I couldn't even sit through Burton's Apes remake, so I can only furl my brow when I read that someone enjoyed that. I've wisely steered away from most of the other movies on the list.
However, I'm old enough to have seen the early Friday the 13th movies in the theater, and I will say, they had their moments. I certainly laughed in F13 3D when Jason squeezed some teenager's head and his eye shot out of his skull into the camera and when some dope doing a handstand gets whacked in the crotch by a machete.
I guess the one I would like to raise--particularly because Dan and Ben gave it such a scathing review on their podcast--is M Night Shamalayan's The Happening. I thought it was quite a suspenseful thriller that tapped the sense of bewilderment and helplessness that NOTD or Nosferatu had. Both of the latter two films were pretty much the first in their respective subgenres of zombie and vampire movies, and as such, they had a strong conviction about the mysteriousness of the threat being posed. In both cases, the characters don't understand what they're up against. In NOTD, the characters at first think the zombies are just people who are mentally ill, and in Nosferatu, the characters believe that it's the beginning of some kind of pestilence. In subsequent vampire and zombie movies, the conventions are already well established and I always find myself impatient with characters who don't know that you have to shoot zombies in the head or that vampires flinch at the sight of a cross.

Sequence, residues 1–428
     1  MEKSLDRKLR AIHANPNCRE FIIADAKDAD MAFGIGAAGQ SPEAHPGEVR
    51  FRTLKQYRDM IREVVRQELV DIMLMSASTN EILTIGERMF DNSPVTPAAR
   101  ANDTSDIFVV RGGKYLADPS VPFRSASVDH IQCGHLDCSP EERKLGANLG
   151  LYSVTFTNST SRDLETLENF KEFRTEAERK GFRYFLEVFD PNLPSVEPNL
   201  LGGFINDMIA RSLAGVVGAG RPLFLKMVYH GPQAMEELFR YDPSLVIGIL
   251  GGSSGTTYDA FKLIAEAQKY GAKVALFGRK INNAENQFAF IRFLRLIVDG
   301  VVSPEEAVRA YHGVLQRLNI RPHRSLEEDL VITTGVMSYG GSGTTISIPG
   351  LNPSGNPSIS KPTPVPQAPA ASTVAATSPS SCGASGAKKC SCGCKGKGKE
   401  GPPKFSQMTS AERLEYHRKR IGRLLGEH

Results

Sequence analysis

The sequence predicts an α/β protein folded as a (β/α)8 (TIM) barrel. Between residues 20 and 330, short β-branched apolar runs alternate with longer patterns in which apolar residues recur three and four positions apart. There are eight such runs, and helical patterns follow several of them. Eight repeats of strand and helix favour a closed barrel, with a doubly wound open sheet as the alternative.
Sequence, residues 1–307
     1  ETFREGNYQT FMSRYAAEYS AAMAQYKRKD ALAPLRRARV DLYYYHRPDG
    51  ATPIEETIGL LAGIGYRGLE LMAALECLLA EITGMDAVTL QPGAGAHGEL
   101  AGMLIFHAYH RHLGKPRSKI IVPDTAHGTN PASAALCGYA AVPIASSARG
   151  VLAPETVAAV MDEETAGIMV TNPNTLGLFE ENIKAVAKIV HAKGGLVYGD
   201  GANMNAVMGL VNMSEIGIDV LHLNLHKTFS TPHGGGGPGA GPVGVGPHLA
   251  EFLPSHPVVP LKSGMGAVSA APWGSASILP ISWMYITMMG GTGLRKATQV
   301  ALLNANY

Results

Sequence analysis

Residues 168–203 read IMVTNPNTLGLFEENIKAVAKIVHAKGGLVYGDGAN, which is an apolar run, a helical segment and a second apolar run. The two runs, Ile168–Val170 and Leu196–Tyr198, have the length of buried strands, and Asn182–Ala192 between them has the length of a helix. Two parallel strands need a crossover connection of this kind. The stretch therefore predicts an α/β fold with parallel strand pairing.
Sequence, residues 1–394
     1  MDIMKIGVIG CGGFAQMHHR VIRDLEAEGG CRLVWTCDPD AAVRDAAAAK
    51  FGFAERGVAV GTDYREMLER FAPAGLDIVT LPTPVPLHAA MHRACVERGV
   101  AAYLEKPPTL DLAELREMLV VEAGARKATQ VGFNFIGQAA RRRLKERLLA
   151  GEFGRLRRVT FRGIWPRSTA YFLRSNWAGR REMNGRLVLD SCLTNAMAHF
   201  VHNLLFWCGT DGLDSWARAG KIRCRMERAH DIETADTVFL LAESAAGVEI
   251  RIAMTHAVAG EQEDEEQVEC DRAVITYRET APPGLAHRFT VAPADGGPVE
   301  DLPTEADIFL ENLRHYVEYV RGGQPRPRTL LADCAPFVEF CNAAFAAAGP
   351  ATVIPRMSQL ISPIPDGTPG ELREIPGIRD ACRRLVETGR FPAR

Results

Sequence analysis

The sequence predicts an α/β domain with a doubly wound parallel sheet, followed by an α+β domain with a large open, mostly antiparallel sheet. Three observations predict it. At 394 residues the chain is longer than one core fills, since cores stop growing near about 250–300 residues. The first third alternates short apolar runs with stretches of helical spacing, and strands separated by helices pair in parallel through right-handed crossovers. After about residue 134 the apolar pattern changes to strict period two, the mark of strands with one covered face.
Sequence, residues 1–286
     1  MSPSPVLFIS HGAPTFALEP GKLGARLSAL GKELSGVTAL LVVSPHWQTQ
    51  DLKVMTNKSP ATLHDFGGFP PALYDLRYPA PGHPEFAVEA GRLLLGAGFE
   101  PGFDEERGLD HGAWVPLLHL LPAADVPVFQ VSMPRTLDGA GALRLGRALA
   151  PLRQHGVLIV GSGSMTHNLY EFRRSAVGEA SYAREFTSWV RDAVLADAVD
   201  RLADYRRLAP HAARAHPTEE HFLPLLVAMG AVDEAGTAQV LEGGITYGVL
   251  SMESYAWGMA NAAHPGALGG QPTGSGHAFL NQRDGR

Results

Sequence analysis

The Happening did an excellent job of capturing a similar mood of confusion and helplessness posed by an unfamiliar threat, in this case a massive outbreak of suicides by people with no known cause, that might have something to do with plants--or might not--and that there was no effective way to defend against. Protagonist Wahlberg as the scientist has an excellent beginning scene, that Ben and Dan ridiculed, where he's lecturing in his high school class about how science is frequently at a loss to explain any given natural phenomenon. In this case, Wahlberg is talking about the gradual but definite worldwide disappearance of the honeybee. Scientists can make reasonable guesses as to why such a thing could happen, but there's ultimately no consensus in the scientific community and nothing can really be done to counter it. When the title threat breaks out in the movie, indeed Wahlberg's observation of humanity's complete helplessness to cope with anomalous natural disasters is borne out.
I thought this was the best horror movie the year it came out, but evidently I was in the minority. On the other hand film critic Roger Ebert liked it, so maybe Ben and Dan are the odd men out.
"Where life had no value, death, sometimes had its price. That is why the bounty killers appeared."